I’ve been blogging a lot lately about the fun twists and turns the genre seems to be making over the past year or so.

When this wild ride first began it was dominated by dark, brooding vampires. Who could ever have predicted the remake of classic lit with flesh eating zombies? Or the popularity of steampunk? Or the infusion of high fantasy with contemporary romance? I LOVE the fluid nature of the market and the fact that we as readers are willing to take a chance on writing that’s waaaaaay outside the box. :-)

I think it's the very fact that paranormals refuse to be pinned down with the same rules and expectations that makes other genres seem stale is what has kept it so popular. And as it continues to evolve I believe it will only attract new readers and writers.

My own series, The Guardians of Eternity, are a mishmash of genres. I’ve combined my love for horror, fantasy, adventure, and overall, romance into a strange brew…oh, and a fairly large dash of humor (or at least what passes as humor for me :-). It’s been so much fun creating my own world without restrictions, and I hope that comes through in the stories.

  • My question is: What you see for the future of paranormals.
Dust off your crystal balls and give me a hint of what you hope to see more of, or perhaps invent something entirely new!!


Tane is a Charon, sworn to hunt and kill rogue vampires. His new assignment seems like a waste of his talents…until he catches up with the Jinn he's been sent to capture. Half human, half demon, Laylah has a vulnerable streak that strikes right through to Tane's cold heart. He should be furious when she uses her powers to bind them together, preventing him from dragging her before the Commission. Instead he welcomes any reason to stay close enough to touch, to taste, to seduce…

Laylah doesn't know why she was chosen to protect a child who may be the catalyst in a war between good and evil. But the mysteries of her past pale compared to the dangers approaching. Tane is devastatingly strong, breathtakingly sensual. And Laylah will have to trust in every ounce of that strength, because her enemies are drawing near, eager to destroy them both…Excerpt

I began my career in 2000 under the name Debbie Raleigh, writing traditional regencies and now as Deborah Raleigh writing regency historicals.

Moving to paranormals has been a dream since I watched my first episode of Buffy. I hope everyone enjoys the Guardians of Eternity series.

Do stop by Alexandra Ivy's Website. She has all sorts of extras including some facts on her Heros and her books.

Monday, November 15, 2010

Monday Musings: Why NaNoWriMO 2010?

As some may have noticed I’m a bit scarce of late. I have a reason. I’m participating in Nano this month. It’s my first time of doing so officially.

I’ve had to make adjustments to accomplish the goal. Nano certainly cuts into any spare time, like reading the blogs I follow, reading books for reviews—although I’ve been cutting back on those anyway—and other things I enjoy doing. I haven’t removed those things from my life; just modified the time I spend on them, like commenting on or reading links I’d normally enjoy reading. Sometimes I’m a day late, or commenting late night.

To be honest, I didn’t think I’d enjoy Nano as much as I have. I’ve heard the plusses and minuses of doing Nano, but like anything, you get out what you put in and “it” depends largely on what your goals are. If I make the 50k, and I’ll give it my best to do so, fine. If I don’t, I’m not going to beat myself up.

My past year has been hard emotionally. Losing my brother knocked me flat and dealing with the grief seemed to suck the creativity right out of me. All my emotion was involved with my loss and helping my family dealing with the same. I had none left over for much else.

Plus, I had to deal with a major case of ‘who the hell cares’ and a great reluctance to do anything that required too much effort. Especially on an emotional level. For sure, I had lost my writing routine. Early mornings have always been my most productive time. It became hit and miss because I stayed up too late and slept late. I had also lost my joy of daily writing and I must have had a dozen stories started and abandoned. I couldn’t work up any enthusiasm for what I was writing. Somehow, I had become way too wrapped up in being perfect—nothing puts a stop on story flow like perfectionism. It all left me with a feeling of failure and kinda like a part of me had been amputated.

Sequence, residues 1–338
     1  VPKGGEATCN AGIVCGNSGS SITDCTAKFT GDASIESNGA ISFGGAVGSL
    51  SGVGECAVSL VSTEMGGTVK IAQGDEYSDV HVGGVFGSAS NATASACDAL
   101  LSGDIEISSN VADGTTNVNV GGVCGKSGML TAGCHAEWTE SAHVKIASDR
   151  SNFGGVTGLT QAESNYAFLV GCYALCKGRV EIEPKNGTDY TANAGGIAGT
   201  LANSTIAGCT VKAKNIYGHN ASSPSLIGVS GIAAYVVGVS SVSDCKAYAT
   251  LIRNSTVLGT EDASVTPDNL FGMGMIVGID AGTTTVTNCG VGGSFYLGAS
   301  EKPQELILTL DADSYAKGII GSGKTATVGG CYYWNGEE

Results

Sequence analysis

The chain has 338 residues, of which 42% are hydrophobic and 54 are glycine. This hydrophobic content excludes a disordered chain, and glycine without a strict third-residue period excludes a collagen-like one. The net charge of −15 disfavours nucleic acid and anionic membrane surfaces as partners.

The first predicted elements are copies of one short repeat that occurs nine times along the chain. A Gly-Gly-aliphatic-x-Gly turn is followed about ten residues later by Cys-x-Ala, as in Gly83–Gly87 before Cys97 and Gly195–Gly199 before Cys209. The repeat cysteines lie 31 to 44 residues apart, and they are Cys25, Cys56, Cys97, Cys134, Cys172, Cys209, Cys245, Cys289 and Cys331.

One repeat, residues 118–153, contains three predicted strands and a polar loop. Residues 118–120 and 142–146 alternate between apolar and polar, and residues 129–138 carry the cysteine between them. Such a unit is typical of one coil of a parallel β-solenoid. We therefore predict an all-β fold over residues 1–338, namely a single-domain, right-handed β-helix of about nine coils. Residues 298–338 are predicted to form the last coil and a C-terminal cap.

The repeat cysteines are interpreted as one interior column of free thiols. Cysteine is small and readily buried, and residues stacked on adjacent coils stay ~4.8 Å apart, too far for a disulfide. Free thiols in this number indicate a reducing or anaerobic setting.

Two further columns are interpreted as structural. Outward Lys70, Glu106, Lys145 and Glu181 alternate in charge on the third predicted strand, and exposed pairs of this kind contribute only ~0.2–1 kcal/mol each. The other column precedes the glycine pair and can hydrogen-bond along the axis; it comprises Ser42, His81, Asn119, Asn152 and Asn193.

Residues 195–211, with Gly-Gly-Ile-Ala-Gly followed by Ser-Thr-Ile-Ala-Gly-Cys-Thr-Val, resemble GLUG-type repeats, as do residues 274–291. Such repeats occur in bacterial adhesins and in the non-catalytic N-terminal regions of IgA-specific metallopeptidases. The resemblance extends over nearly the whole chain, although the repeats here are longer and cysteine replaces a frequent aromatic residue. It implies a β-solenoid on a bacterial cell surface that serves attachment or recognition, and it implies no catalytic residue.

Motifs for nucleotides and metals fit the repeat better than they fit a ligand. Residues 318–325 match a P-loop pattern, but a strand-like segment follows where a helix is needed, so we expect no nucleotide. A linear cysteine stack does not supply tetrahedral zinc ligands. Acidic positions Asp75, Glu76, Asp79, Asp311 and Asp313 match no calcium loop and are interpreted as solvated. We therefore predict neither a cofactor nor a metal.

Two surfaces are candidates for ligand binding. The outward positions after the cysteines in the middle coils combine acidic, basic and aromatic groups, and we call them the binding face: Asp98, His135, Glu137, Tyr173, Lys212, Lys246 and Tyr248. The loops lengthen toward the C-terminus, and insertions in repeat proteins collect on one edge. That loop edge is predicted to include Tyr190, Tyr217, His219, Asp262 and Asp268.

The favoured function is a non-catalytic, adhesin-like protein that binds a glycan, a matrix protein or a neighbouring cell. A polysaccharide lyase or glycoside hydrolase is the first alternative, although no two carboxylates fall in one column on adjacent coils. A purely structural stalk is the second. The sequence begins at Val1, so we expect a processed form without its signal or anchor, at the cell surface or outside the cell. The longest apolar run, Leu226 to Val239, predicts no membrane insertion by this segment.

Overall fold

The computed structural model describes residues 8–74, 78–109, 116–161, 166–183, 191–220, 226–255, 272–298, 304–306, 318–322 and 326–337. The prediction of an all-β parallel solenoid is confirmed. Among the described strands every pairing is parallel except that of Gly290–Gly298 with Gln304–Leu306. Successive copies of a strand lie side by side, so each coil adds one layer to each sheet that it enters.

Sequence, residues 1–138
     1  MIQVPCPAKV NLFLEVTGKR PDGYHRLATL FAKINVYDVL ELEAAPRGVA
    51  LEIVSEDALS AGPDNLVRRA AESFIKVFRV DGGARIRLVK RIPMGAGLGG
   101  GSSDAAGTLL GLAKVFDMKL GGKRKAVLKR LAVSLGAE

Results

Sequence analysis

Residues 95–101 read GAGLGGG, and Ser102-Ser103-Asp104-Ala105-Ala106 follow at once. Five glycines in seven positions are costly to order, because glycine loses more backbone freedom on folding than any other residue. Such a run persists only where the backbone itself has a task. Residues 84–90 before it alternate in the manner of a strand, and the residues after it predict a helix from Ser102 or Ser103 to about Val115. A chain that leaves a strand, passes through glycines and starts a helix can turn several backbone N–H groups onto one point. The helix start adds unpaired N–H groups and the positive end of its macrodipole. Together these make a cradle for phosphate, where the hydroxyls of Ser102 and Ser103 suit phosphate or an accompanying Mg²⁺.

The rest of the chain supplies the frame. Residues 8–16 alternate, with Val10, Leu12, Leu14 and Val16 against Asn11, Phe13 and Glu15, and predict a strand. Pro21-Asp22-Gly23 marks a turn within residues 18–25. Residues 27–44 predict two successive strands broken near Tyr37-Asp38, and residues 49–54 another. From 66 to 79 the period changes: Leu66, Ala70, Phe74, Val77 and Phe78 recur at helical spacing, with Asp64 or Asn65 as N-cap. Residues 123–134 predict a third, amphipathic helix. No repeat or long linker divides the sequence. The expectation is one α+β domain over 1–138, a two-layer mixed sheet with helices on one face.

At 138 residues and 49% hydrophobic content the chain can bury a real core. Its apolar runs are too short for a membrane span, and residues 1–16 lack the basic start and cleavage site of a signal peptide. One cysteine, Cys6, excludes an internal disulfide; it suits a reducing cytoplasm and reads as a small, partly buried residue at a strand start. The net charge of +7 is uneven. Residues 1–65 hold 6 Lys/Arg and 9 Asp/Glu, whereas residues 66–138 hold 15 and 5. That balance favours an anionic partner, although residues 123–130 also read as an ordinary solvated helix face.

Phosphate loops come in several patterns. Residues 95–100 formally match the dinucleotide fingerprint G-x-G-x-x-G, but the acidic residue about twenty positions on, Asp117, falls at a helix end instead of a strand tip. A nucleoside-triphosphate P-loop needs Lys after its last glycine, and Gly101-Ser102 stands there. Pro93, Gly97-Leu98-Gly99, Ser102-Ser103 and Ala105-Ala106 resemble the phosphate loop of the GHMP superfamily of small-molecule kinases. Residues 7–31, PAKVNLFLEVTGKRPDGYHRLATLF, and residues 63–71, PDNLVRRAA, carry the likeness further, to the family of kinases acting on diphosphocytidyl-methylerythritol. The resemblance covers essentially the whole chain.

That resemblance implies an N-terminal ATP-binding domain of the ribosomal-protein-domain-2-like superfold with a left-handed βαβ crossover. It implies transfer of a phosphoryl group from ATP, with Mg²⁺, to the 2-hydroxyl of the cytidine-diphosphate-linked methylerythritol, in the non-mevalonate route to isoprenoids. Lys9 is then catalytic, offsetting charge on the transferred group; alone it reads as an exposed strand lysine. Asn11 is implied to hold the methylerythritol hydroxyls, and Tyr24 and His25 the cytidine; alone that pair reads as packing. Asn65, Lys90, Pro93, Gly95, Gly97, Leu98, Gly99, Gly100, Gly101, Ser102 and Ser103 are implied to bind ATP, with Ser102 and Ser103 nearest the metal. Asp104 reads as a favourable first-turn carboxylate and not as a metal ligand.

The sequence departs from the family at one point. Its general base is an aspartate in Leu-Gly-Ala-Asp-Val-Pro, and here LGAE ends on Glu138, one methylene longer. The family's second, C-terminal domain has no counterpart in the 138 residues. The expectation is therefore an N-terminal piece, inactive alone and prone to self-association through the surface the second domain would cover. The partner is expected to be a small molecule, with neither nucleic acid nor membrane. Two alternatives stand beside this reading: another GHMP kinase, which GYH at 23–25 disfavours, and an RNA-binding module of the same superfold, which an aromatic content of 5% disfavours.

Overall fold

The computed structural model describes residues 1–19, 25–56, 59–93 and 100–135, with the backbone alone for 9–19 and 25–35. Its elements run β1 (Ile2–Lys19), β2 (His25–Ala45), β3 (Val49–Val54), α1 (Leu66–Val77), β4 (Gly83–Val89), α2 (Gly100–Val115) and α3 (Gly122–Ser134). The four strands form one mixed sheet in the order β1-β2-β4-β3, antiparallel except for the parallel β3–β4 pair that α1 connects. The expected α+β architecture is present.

Which brings me to the why of Nano.

It's not a contest for me, a mad dash to see who can get the most words on paper so to speak. While I do like the challenge of being part of a group focusing on writing and reaching a deadline, it’s not at the expense of writing a good story. For me, that would be a waste of time.

My main goals with Nano are,

  • a) regain my daily writing routine and discipline,
  • b) regain my focus and joy of writing, and
  • c) get a story I’ve wanted to write for some time, down on paper. One that I started to research before my brother died.

I really like how focused I am. If I'm not physically writing my mind is writing and thinking about what's next. Nano is helping me not to worry too much about the mechanics of the writing as much as revel in the joy of the story unfurling. Seeing my research ideas transformed into a story that is alive and breathing. Having three-dimensional characters living and interacting in a world I’ve created piece by piece so it’s real. Best of all, there’s real emotion in my writing again. If I can’t feel emotion how can my reader?

Another valuable lesson I see with participating in Nano is a realization that if I'm waiting for the optimum time to write, I'm never going to get it. I'm gonna always have chores, noise, and life to deal with.

Additionally, Nano is good practice for when a person is published. Writing to deadlines and allotting a schedule of writing time to meet those deadlines. I’ve written to deadlines most of my working life and it takes a certain mindset. Certainly it requires a firm grasp on what’s required to achieve the deadline. Few writers can retire from being a spouse, parent, and money earner to write full time. Oh, maybe in a perfect world, lol! Reality is any writing that’s done is merely a task added to the existing routine. Even when you can write full time without an outside job, you still are going to have to deal with mates and kids and all that is involved with day-to-day living. Nano gives you a taste of what it could be like.

All in all, I'm so glad I signed up for Nano.

  • So, who of you are (or have) participating in Nano? Why did you decide to sign up? Any lessons learned you’d like to share?

Up coming guests: Wednesday, Alexandra Ivy, and on Friday I have Ryan O’Reilly (if that last name looks familiar there’s a good reason for that).
So be sure to check back.

Meanwhile, happy writing! I will be.